For more information on Ancient Civilizations of the Mediterranean ($149, Windows or Mac), Classical Mythology ($149, Windows/Mac hybrid), and Mythology: The Great Myths of Greece and Rome ($149, Windows only), contact Films for the Humanities and Sciences, PO Box 2053, Princeton NJ 08543­2053; tel. 800­257­5126; Web:

World Book Encyclopedia Marches On

I have fond recollections of the World Book Encyclopedia-one of the first generally affordable encyclopedias of the 1950s and 60s-being given away on game shows and even by grocery stores as prizes (one volume per month). Indeed, using it provided my first introduction to doing anything like real research for an essay, learning how to summarize, paraphrase, and integrate, rather than simply copying.
Well, the folks at World Book are still at it, and they are keeping up with the tenor of the times by appealing to those inquiring young minds with individually packaged and colorfully illustrated mini-encyclopedias on popular topics for children, in both book and CD form. Along with offerings on Rain Forests and The Solar System, there are packages on Ancient Greece and the Romans.
Many teachers will be happy to hear that these CD-books are definitely geared toward a middle-school audience. Text is presented in manageable bits, and the graphics are in something of a cartoon style. Seven topics are presented on the Ancient Greece CD: City on the Hill (Athens), A Place in Time (history), At the Oracle (popular questions), The Write Stuff (alphabet), Ancient Odyssey (a short synopsis of Homer), Olympic Challenge (quiz), The State of Things (empire maps of Athens and Sparta). Throughout the CD there are references to pages in the book for more information. The book covers some of the same topics and more, but goes into more detail (within the limits of 40 pages). Illustrations and photos are well arranged and attractive. The story of Theseus and the Minotaur is used as a sample myth for in-depth study.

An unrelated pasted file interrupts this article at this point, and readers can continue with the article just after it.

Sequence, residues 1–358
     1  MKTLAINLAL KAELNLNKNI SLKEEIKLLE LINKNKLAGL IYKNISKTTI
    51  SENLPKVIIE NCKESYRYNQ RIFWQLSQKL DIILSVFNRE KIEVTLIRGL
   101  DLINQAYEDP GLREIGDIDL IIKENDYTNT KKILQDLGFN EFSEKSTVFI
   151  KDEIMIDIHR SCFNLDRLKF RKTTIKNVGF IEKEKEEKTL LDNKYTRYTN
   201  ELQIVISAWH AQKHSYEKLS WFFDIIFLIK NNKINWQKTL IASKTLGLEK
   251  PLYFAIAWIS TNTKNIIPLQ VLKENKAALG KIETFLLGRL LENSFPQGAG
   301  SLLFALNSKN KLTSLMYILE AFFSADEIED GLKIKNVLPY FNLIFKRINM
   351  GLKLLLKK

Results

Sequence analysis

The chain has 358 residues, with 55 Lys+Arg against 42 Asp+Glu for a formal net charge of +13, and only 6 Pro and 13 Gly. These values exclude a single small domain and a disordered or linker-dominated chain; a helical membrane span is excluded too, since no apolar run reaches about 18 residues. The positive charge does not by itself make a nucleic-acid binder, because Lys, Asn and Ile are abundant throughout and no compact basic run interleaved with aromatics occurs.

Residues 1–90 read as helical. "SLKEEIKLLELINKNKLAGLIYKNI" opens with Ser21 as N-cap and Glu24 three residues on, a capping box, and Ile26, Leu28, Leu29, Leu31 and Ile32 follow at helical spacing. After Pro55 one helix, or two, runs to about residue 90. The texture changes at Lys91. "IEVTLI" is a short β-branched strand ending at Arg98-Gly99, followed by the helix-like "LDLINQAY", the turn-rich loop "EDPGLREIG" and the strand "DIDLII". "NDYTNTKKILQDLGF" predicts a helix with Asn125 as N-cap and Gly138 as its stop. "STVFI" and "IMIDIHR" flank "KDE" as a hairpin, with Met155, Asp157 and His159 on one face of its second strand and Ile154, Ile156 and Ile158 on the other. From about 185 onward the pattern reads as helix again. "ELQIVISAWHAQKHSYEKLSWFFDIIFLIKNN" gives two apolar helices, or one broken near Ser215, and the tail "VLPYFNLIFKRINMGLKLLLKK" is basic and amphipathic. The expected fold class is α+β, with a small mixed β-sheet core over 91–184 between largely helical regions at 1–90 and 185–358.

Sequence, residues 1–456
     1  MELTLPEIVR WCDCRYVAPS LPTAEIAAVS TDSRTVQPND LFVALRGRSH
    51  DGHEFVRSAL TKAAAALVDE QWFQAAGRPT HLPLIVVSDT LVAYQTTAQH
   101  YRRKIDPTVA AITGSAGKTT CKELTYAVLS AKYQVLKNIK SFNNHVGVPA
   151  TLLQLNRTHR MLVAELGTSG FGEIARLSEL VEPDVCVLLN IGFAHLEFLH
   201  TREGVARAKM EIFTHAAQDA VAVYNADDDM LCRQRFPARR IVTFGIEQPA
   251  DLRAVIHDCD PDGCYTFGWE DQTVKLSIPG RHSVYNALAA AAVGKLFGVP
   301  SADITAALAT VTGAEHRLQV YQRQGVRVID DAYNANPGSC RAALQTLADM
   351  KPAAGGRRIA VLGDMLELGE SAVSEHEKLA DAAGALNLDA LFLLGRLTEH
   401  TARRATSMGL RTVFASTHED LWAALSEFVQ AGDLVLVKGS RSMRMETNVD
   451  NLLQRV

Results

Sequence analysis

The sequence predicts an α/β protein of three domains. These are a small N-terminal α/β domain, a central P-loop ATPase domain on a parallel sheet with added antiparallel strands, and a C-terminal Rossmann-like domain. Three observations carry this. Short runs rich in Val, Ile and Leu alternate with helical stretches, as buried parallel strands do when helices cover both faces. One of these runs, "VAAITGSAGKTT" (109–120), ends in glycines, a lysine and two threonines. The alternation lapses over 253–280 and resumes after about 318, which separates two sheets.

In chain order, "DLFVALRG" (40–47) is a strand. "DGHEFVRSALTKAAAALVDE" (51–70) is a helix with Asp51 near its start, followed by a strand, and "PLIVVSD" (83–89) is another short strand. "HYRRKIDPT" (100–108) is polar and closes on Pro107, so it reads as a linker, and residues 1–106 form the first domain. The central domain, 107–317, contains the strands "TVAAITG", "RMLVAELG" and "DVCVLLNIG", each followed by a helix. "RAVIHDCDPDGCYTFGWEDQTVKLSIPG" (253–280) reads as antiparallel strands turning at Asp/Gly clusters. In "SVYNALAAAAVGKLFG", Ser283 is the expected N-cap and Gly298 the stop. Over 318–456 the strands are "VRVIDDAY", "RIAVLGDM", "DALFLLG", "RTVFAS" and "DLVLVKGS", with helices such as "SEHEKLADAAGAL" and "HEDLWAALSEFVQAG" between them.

The Romans CD-book follows a very similar format and highlights the city of Rome and the story of Romulus and Remus. Overall, the CDs provide activities that help students apply and test what they have learned from the book.
These new mini-encyclopedias are also still affordably priced at $14.95 each. They are available from L&L Enterprises, 2408 Dawson Ln., Algonquin IL 60102; tel. 800­426­ 5357; web:
Remember, if you find something new and interesting in "classical computing," drop me a note (or an e-mail) so I can spread the word.